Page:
Offering exercise during cancer treatment, including chemotherapy, has both short-term and long-term health benefits, according to a new study.
Exercising during adjuvant chemotherapy helped breast or colon cancer survivors engage in more physical activity 4 years later. Those who participated in an 18-week exercise program while receiving chemotherapy engaged in physical activity 142 minutes per week, or an average of 20 minutes per day more, than those who did not participate in the exercise program.
“Cancer-related fatigue is the most distressing side effect of treatment. Studies show positive short-term effects of exercise during chemotherapy. Regular physical activity levels after diagnosis are associated with better prognosis,” lead author Anne M. May, PhD, Associate Professor of Epidemiology at the University Medical Center in Utrecht, Netherlands, told a presscast in advance of the 2018 Cancer Survivorship Symposium (Abstract 99).
“It is well-known that exercise during chemotherapy can lessen treatment-related side effects, such as fatigue, pain, and nausea. Our study is the first to show that people who are physically active during treatment maintain higher levels of physical activity in the long run, and this is really important for their health and well-being.”
A recent randomized trial, the Dutch PACT study, showed beneficial effects on fatigue and physical fitness after an 18-week supervised exercise program in breast and colon cancer patients undergoing adjuvant treatment. The study was a two-armed, multicenter, randomized, controlled trial comparing a supervised exercise program to usual care among 204 breast cancer patients and 33 colon cancer patients undergoing adjuvant treatment, including chemotherapy. About 70 percent of patients also received radiation therapy. Of the 237 participants, mean age 51 years, 197 patients were eligible and approached to participate in the 4-year follow-up measurements.
The exercise intervention included 60 minutes of combined moderate-intensity to high-intensity aerobic and strength training twice a week under the supervision of a physical therapist, plus 30 minutes of home-based physical activity 3 days a week. It also incorporated cognitive behavioral elements aimed at increasing the patients' confidence to be physically active. In addition, physical therapists discussed continued participation in sports after completion of the intervention.
The follow-up study included 128 patients, 110 patients with breast cancer and 18 patients with colon cancer, to determine if the exercise intervention had long-term benefits. Fatigue and physical activity levels were assessed using validated measures: the Multidimensional Fatigue Inventory and the Short Questionnaire to Assess Health-Enhancing Physical Activity. Of the patients surveyed, 70 patients had participated in the exercise program and 58 patients had received usual care.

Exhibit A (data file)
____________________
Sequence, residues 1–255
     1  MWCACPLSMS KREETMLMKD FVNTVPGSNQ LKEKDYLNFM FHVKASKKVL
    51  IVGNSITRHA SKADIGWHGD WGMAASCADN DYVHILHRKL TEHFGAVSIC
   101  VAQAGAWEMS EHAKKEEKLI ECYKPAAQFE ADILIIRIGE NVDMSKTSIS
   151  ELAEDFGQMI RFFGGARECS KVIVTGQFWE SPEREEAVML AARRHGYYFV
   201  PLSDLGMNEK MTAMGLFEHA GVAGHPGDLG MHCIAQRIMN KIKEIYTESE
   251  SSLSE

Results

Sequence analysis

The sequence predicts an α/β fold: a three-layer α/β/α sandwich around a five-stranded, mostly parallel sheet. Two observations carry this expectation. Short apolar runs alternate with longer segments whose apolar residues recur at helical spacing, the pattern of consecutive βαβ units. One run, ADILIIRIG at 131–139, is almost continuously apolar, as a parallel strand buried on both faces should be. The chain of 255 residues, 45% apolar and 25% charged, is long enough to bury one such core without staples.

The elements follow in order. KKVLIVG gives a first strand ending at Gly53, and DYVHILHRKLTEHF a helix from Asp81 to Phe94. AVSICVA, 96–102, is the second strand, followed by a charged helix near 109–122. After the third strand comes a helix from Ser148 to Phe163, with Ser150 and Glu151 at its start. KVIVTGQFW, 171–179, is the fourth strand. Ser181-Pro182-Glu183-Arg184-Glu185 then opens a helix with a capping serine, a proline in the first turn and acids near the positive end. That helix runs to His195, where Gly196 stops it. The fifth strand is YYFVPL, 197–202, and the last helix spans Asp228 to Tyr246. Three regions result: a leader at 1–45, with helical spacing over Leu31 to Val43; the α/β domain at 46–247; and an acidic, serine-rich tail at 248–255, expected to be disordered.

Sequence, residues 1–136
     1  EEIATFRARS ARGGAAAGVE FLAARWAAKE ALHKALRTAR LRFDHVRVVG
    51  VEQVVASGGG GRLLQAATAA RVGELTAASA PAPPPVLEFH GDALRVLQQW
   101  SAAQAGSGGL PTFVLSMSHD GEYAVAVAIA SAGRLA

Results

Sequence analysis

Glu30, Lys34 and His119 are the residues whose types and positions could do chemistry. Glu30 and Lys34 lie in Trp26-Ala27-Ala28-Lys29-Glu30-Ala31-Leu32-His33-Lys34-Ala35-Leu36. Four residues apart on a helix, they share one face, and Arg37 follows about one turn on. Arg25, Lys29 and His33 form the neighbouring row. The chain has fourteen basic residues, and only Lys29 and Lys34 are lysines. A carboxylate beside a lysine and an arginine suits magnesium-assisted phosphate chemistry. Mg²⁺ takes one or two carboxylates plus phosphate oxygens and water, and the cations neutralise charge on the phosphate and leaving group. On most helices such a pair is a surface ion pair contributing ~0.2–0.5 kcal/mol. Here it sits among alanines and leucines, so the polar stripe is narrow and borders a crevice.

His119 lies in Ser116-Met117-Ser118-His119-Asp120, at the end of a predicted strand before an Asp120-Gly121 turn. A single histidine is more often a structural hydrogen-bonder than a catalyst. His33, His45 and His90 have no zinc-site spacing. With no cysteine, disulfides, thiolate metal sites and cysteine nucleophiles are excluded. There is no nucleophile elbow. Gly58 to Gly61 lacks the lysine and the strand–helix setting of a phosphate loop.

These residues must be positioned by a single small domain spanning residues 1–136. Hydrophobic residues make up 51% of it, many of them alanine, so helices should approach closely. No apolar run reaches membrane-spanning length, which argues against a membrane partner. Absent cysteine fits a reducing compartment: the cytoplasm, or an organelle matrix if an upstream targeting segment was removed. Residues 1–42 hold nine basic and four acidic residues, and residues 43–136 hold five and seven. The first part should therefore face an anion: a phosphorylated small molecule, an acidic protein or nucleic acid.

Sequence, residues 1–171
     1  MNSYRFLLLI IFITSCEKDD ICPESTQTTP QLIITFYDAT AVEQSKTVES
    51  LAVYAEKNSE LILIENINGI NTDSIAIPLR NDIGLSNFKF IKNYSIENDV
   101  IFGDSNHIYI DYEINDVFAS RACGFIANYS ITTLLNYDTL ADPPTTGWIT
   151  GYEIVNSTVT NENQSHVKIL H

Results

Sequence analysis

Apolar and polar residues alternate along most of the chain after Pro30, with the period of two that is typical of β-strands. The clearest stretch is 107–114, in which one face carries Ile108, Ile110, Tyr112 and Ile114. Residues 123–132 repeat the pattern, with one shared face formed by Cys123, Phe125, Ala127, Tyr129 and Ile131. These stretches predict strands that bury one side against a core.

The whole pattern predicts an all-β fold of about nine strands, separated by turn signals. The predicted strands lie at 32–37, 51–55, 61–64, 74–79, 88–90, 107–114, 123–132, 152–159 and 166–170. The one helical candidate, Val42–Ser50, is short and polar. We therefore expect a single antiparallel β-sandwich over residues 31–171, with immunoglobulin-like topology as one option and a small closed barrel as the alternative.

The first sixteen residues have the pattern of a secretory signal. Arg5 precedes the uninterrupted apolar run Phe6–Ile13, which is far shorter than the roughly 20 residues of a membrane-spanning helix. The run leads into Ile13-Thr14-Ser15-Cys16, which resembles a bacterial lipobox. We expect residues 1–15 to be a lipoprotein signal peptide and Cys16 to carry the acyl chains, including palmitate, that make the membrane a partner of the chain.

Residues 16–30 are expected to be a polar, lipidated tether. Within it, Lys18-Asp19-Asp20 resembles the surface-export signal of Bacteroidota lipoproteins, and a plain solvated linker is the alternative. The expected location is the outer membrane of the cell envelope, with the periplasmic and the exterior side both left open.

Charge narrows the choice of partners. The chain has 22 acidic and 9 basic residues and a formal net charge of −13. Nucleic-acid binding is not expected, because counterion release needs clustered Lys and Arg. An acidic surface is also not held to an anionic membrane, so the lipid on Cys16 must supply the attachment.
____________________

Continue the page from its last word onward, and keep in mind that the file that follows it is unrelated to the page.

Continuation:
After 4 years, patients in the exercise group reported engaging in moderate-to-vigorous physical activity, such as cycling or jogging, 90 minutes a day on average, whereas those in the usual care group reported 70 minutes of moderate-to-vigorous physical activity per day.
There was also a trend of lower physical fatigue in the exercise group compared to the usual care group, but the difference was not statistically significant.
“The exercise program was designed to keep patients physically active long-term, so we are really pleased to see that even 4 years later people who received the intervention were still more active,” said May. More research is needed to confirm that this exercise intervention would be effective in reducing short-term and long-term side effects in patients treated for other types of cancer, she said.
Prior research suggests that women treated for breast cancer have an increased risk for cardiovascular disease, particularly if they received anthracycline-based chemotherapy. In the next follow-up study from the PACT clinical trial, the researchers plan to explore whether exercise during chemotherapy is protective against cardiovascular disease.
ASCO Expert Timothy Gilligan, MD, MSc, FASCO, Associate Professor of Medicine at the Cleveland Clinic Taussig Cancer Institute, commented: “In the past, patients were often told to rest and reduce their physical activity during treatment, but we now know that exercise is both safe and highly beneficial. As this study shows, exercising during cancer treatment can also make a significant impact on survivors' health and quality of life over the long term. As physicians, we need to do more to help motivate our patients to exercise both during and after treatment.
“The exercise literature shows positive benefits with cancer patients' fatigue. There is consistent data that exercise is good for cancer patients. Long-term impact is an exciting result.”
Mark L. Fuerst is a contributing writer.